With moderates John McCain and Rudy Giuliani the talk of media towns, conservatives are on the lookout for new faces. Here are two: U.S. Rep. Mike Pence of Indiana and Gov. Mark Sanford of South Carolina.
Mr. Pence, a 46-year-old Republican, is getting attention as an advocate of a leaner federal government who also has good credentials as a cultural conservative. He has an instinctive grasp of the news cycle from years of talk-radio show hosting in his home state. He is gaining mention as a possible future speaker of the House, with Rep. Dennis Hastert (R-Ill.) likely to step down in 2008.
Yet Mr. Pence's Christian faith and past struggles with political ambition make him uncomfortable about pursuing higher political aspirations at the expense of family (wife and three young children), or just to satisfy natural human desires for fame and adulation.
Lately he has pushed the Bush administration and the Republicans in Congress to take some air out of the ballooning federal deficit. He and his conservative bloc in the House, the Republican Study Committee, forced the House leadership to reduce federal spending boosts for rebuilding after Hurricane Katrina. Mr. Pence appeals to both evangelicals and the business-oriented wing of the Republican Party: Business Week recently called him a "self-effacing Hoosier as comfortable quoting Scripture as the Contract with America."
His optimistic disposition also is fueling this rise to prominence after just five years in the House. "I'm a conservative, but I'm not in a bad mood about it," he likes to say: "There is a tendency among some conservatives to communicate as if they have been sucking on lemons."
Mr. Pence has a strong pro-life record and has displayed support for faith-based initiatives. When the Bush administration was trying to figure out how to get federal grants to faith-based groups, he joined with other members of Congress in suggesting the simpler approach of tax credits so that citizens could send money right to the charity of their choice. "When I give $1,000 to a rescue mission, I've probably given four times [more] than if I sent the money to the bureaucracy in Washington," he says. "It actually reaches the homeless man and pays for a meal for him."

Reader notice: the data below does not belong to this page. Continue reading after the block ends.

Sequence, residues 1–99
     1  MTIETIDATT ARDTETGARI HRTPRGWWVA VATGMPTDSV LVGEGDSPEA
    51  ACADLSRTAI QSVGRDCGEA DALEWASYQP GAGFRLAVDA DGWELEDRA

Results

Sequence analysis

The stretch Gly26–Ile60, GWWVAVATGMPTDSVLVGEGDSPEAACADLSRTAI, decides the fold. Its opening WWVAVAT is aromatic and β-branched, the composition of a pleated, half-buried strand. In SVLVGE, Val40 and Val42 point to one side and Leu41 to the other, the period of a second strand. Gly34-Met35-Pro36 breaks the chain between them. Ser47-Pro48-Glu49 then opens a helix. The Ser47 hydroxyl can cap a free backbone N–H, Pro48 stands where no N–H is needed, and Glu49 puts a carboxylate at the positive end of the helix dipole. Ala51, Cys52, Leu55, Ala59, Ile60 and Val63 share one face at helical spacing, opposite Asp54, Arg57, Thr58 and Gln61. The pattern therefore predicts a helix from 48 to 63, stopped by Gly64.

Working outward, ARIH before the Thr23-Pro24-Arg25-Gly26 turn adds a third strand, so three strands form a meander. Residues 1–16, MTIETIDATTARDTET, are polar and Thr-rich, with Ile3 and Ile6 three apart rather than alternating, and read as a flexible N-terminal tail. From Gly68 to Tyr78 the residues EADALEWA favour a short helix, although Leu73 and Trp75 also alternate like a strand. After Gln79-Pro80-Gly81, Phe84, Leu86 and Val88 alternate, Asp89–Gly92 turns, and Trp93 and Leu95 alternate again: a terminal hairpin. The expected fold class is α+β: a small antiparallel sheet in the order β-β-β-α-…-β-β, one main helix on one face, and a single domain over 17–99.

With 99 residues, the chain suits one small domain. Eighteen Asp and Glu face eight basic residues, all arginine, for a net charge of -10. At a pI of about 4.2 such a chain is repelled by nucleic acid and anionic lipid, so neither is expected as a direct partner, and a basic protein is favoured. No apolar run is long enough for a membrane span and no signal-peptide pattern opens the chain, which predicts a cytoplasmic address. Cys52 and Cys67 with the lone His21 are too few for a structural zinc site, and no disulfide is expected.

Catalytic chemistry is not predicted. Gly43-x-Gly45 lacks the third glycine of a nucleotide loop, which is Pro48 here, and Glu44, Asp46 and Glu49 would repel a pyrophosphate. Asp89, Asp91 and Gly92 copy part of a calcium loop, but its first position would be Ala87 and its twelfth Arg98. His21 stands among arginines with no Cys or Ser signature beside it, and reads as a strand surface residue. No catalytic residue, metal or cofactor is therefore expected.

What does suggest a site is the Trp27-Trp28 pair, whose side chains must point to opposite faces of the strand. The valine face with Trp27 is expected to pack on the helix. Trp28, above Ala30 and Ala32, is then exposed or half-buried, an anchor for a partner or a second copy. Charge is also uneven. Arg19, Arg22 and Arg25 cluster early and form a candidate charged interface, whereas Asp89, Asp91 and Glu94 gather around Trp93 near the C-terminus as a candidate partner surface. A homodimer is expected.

With his mix of social and economic issues, he is showing the capability for uniting Republicans in a way that took Ronald Reagan to the presidency. While the Giulianis and McCains appeal to economic conservatives, the key to GOP leadership, as Ronald Reagan and George W. Bush have shown, is appealing to both wings of the party.
That combo attracts favorable comment from unlikely quarters, such as the New York Times editorial page. He proposed a federal shield law to protect news reporters from having to reveal their sources in criminal investigations. If that makes conservatives nervous, he notes that his position is essentially conservative, helping to keep some checks on government. "The role of the press is to create that accountability for people who wield public power," he says.
All this favorable attention might go to a congressman's head, but he was chastened a few years ago about the raw pursuit of political success and tries to remember the lesson. After his unsuccessful 1988 and 1990 campaigns for Congress, he wrote an essay, "Confessions of a Negative Campaigner." Then he became a popular talk-radio show host before his election to the House in 2000. "I developed a very healthy skepticism of my ambition 15 years ago," he said. "There is a tendency when you are in a public position to begin to think more highly of yourself than you ought to."
Bible reading, along with going home to his wife Karen and three children, 13, 12, and 11, helps keep him humble: "When I walk into the house, I'm no longer the congressman or the conservative leader. "I'm just Dad."